How it all started
In 2015, I am living in the eclectic and smoggy city of Beijing, pursuing a Master’s degree at Peking University. I’d submitted an acting tape, casting for a role, and had submitted a headshot picture of myself. In this audition image, I am wearing a black, bouncy weave. The casting agent calls me back but by this time, I have removed the curly weave and I naturally returned to my small, budding dreadlocks. When they called me back, I was immediately nervous: “I just don’t think they’ll think I’m as beautiful with my natural hair,” I said to a friend on the phone, unconsciously.
This casting encounter highlighted how I had internalised a defeating story about my hair and self. That without a weave I would not be seen as beautiful. Rather id believed I’d be less appropriate. Unformed and incomplete for a professional acting gig. Till this point, I had not recognised this narrative, breathing and living so closely in me. This unawareness reminded me of these words: “there are places like this everywhere, places you enter as a young girl from which you never return.” Later on, that year, two friends and I were researching the weave hair market in Guangzhou in relation to African markets.
Sihle Nontshokweni, Thuthukile Mbanjwa & Alice Fang in Guangzhou, China Hair Market, 2015
Reflecting on the hair market, and how we Africans were the largest consumers and importers of wigs and weaves, how the Chinese sellers knew almost nothing about African people, either than that they loved the hair they made led me to think deeply about hair, our own human need for beauty, the messaging on black hair. I then wrote this blog African Rapunzel blog. This initial transcript on hair became the first draft from where I developed the storyline on Wanda.
As I developed the story, I reached out to my long-time friend Mathabo Tlali, to see how we could jostle ideas to bring this story to its fullness for children. I sent a draft of the story to Mathabo who magically laced it with creative elements of intergenerational transmission of confidence and other critical themes like the big switch. Mathabo had spent years teaching children confidence using physical theatre, so a grasp of children’s stories came easily to her. She shared her contribution in a matter of hours and just like that we were ready to submit the story to Jacana. Our publisher absolutely loved it and we have since decided to make Wanda a children’s series with book 2 coming out in September.
Mathabo and I spent months looking for the right illustrator alongside Jacana Media. When we finally met Chantelle and Burgen our dream was beautifully illustrated on paper. From the time we received the first draft of Wanda we were greatly delighted, so we carefully co-created with our illustrators by sharing varying pictures of how the characters ought to be dressed, i.e., the women from Mlungiseleli Drive. We wanted to optimize the representation of the characters and culture. We wanted the women Wanda looks up to be diverse, to vary in style, personality, hairstyles, and body size.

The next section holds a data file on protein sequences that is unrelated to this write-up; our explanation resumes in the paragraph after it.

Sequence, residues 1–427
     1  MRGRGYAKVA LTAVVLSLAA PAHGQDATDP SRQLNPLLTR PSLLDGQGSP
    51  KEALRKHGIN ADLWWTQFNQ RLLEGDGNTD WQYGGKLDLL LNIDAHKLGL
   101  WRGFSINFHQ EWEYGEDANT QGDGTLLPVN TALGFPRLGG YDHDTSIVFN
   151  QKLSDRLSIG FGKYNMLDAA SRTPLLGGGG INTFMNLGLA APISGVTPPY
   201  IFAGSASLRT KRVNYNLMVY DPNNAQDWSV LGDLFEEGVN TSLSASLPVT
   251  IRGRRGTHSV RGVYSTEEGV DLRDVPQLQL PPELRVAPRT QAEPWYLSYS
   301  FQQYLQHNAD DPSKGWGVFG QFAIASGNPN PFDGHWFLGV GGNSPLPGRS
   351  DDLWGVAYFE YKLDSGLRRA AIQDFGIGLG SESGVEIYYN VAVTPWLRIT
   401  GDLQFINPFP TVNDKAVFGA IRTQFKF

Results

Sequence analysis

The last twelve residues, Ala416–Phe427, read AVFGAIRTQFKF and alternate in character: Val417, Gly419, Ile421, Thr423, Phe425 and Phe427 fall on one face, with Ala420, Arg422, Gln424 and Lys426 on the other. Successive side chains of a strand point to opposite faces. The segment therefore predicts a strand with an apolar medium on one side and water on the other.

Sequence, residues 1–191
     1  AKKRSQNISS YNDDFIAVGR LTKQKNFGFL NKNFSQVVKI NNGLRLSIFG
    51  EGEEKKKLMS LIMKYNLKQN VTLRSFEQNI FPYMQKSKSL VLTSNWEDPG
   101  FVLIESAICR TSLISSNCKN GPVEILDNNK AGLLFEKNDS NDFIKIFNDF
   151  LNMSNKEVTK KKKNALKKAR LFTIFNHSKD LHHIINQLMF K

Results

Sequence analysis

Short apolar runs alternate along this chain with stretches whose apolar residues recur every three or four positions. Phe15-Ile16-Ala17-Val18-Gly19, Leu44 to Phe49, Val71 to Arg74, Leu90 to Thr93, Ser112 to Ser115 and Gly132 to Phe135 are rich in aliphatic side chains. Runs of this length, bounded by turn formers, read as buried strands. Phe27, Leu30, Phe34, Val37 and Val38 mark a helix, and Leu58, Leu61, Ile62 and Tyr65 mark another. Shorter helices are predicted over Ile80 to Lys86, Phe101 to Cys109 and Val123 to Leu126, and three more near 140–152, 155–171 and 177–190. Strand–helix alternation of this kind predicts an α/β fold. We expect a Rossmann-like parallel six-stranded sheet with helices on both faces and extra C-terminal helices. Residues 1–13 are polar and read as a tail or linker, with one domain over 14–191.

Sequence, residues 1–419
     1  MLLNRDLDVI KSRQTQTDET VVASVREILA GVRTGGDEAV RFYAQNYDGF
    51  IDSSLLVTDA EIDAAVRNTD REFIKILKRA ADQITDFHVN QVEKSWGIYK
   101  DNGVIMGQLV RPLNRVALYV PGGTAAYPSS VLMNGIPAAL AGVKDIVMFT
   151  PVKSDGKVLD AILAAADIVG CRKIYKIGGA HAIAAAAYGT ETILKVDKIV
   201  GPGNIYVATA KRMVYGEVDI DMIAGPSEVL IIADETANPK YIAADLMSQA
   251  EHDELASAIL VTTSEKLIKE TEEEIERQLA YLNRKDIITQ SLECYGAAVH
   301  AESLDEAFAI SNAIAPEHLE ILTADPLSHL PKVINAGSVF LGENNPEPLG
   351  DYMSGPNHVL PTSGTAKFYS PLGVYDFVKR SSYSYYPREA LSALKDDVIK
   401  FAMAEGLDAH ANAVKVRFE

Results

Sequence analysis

The question we get most often is how we ended up collaborating. To add a background, whilst we were in secondary school, we were queens of theatre and drama performance and for years we had dreamed of owning a theatre of our own offering scholarships to students who are passionate about the arts. We remained connected through the years and continuously shared our creative passions. Collaborating on the book was a natural extension of friendship and the long-shared hopes of telling stories to the world.
Sihle-isipho Nontshokweni is a South African author, story-teller, scholar, and recently the host for The Ultimate Book Show, a series of13 in-depth profile interviews with Cape Town-based, black writers. Her much-admired debut children’s book, Wanda (2019), was co-authored with Mathabo Tlali. Her latest book, Fly, Everyone, Fly, was the 2021 World Read Aloud Day’s chosen reading to reach upwards of 3 million children in South Africa. Her works have been translated into more than eleven languages, including sign language. Sihle-isipho Nontshokweni is a Ph.D. candidate at the University of Pretoria. Her area of research is identity, culture, and race in the post-apartheid school setup. Her interest in schools stems from lived experience, which extends across 12 schooling institutions, including the University of Cape Town, Peking University in Beijing (China), KU Leuven in Belgium, and it is from this vast world experience that Sihle tells stories.
Mathabo Tlali is a Naledi Award-nominated actress. As a trained practitioner in theatre and television, she has used her skills in facilitating workshops such as the river song and the National Arts Festival. She previously worked as an assistant director at market theatre laboratory and played a supporting role for postgraduate students at AFDA. Her passion is in igniting social self-confidence in children using physical theatre. Mathabo is a Bachelor of Arts, majoring in Drama and Performance Graduate from Rhodes University. She currently works as an education practitioner for the Jakes Gerwel Foundation.